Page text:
My Eating Disorder Recovery


I lived my entire teenage and young adult life with an eating disorder. Everyday for 9 years I obsessed over my body and what went in it. I counted calories, chugged water when I was hungry, over-exercised and finally resorted to binging and throwing up. I had this image of what I thought beautiful looked like and it didn’t involve any excess fat on my body. Those were hard times... those were lonely times... If anyone reading this has been addicted to something you know how crippling it can be and how it truly consumes you. It took getting pregnant for me to stop throwing up my food. My maternal instincts overpowered my addiction... at least the extreme part of it.

That was until my 25th week appointment when my doctor expressed concern that my 15 pound weight gain was too much. I burst into tears explaining to her my struggle with food. I’ll never forget the look in her eyes... the look of regret. She knew instantly that she should have never said anything.

Immediately after leaving her office I downloaded a calorie counting app; I worked out harder, made myself go to bed hungry, and watched every bite that went into my mouth. When I stepped on the scale at my next appointment I felt the greatest sense of accomplishment: I was two pounds lighter. My doctor suggested I delete the app and begged me to eat whenever I felt hungry.

I somewhat listened; the clench of the fist that was my addiction was a powerful one. One far beyond my control to stop. I lived for people's comments about how tiny I was, how I was “all” baby, people thinking I wasn’t as far along as I was... these things made my heart sing. For as long as I can remember I have always had a strong need to please people.

As an adult I understand now where this came from, but for so many years I lived in this bottomless pit constantly trying to escape but never knowing how. I felt as if being "skinny" allowed me to be worthy, it allowed me to be seen, and it allowed me to be excepted. Being skinny was my way of making others feel envious of me, I was something that so many people wanted to be. The only problem was that it was a terrible lie, all smoke and mirrors.

My rock bottom would present itself at a dentist office.

I went in because I suspected I had a cavity and wanted to get it taken care of before my baby came. So when the dentist shared with me that I not only had one very bad cavity but fourteen of them, I almost fell off her chair. The self-realization that I had actually caused this... that I had gone so far as to make this façade a reality that I ruined almost every tooth in my mouth.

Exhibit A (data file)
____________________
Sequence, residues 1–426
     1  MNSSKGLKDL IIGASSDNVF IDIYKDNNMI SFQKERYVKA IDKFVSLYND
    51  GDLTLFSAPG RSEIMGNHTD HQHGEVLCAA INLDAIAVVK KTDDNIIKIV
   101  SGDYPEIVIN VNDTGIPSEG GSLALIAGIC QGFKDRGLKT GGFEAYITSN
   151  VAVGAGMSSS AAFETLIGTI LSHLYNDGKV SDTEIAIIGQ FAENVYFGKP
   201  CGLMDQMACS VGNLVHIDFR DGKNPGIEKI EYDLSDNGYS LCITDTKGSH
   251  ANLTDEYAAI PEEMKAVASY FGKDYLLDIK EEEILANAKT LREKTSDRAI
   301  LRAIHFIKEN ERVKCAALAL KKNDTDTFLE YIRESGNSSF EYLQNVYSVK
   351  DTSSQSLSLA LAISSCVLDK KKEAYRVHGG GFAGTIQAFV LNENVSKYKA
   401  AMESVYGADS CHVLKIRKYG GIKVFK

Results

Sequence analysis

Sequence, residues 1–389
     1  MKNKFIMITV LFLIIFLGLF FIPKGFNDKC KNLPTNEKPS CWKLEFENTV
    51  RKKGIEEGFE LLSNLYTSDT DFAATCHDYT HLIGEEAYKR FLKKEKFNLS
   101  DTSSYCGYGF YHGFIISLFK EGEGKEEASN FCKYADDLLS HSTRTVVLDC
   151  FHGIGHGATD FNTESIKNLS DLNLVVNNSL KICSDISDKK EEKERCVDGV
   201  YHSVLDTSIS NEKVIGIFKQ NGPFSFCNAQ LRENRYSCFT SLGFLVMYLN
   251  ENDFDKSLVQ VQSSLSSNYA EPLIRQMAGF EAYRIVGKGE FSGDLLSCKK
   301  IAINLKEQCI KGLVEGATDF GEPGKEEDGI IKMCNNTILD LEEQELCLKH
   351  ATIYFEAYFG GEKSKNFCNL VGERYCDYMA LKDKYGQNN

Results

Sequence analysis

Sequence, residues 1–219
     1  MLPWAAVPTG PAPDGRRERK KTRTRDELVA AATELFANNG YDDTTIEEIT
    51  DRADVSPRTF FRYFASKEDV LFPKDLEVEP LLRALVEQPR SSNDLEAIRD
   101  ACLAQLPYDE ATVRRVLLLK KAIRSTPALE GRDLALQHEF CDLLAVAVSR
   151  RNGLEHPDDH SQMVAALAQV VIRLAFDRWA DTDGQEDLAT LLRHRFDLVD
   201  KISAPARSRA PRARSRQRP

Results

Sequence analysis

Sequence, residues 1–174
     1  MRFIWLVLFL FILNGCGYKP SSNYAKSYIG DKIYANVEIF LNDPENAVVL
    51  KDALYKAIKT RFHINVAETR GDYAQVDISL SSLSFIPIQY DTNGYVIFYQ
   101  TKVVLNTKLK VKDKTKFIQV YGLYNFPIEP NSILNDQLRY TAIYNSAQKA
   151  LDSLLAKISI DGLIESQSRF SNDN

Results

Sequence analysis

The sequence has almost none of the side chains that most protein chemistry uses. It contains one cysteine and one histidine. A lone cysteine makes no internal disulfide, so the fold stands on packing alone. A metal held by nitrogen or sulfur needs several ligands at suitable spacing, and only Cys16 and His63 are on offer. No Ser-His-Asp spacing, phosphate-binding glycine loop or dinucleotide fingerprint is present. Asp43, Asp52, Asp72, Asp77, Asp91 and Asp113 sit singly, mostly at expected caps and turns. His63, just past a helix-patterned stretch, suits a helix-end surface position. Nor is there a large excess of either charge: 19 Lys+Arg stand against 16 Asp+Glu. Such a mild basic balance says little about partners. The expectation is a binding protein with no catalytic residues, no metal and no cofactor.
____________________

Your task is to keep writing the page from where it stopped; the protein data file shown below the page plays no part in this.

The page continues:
Talk about self sabotage. With every needle, every drill, every stupid time had to go back into that dentist office I had to relive the pain of my choices.

It was and still is a hard pill to swallow. In a way it was necessary; I guess you could say I needed it in order to stop. The regret of the whole thing is just a painful one. My eating disorder stopped the day of my dentist appointment, although I can't say it's gone. Like any form of addiction, "once an addict, always an addict."

 I can say I've healed, learned, and found value in myself. So the power of my disorder is no longer powerful, its rather weak, pretty much non-existent. I still feel a sting every once in a while when something doesn't fit, or I look at pictures and notice how different my body looks. Sometimes the human in me misses those comments.

You know what I don't miss? The broken girl, the lie and the constant battle to be something I wasn't.

It was a conscious choice to stop; a daily one. Everyday I said I choose not to believe the lie and I choose to be healthy. I needed to replace my addiction with something positive so I fell in love with health. I took the energy that was robbed of my daily life and placed it into things that gave me life, that made me better.

I focused on what was important to me, what made my soul sing. I allowed myself to become a child of God, I allowed myself to feel the abundant love of my heavenly father. His grace, his constant goodness and his truth. I am a child of the king and it was time I started to live in the light of that.

I gave birth to my second little boy 9 months ago. I gained 50 something pounds of pure nutrition and I have 20 of those pounds still lingering on my body. I can honestly say I'm ok with that. I will never weigh my pre-pregnancy weight again and that's alright. I am healthy, I am happy, and I am free.

I'm sharing this with you today because I know how many of us struggle with not feeling worthy, or living up to expectations that are not attainable. I understand the overwhelming need to please others. So I encourage you to instead become a God pleaser, become courageous in your skin. It's not easy and it will take lots of intentional work, but you are worth it. The example you will show will be worth it and the woman you see in the mirror will be very thankful.


Are you currently struggling with an eating disorder? If so, contact us so we can become a community of encouragement and support for you.

If you've recovered from an eating disorder, we'd love to hear from you too! Be bold and leave a comment below to help encourage others who need to know that it is possible to overcome their addiction.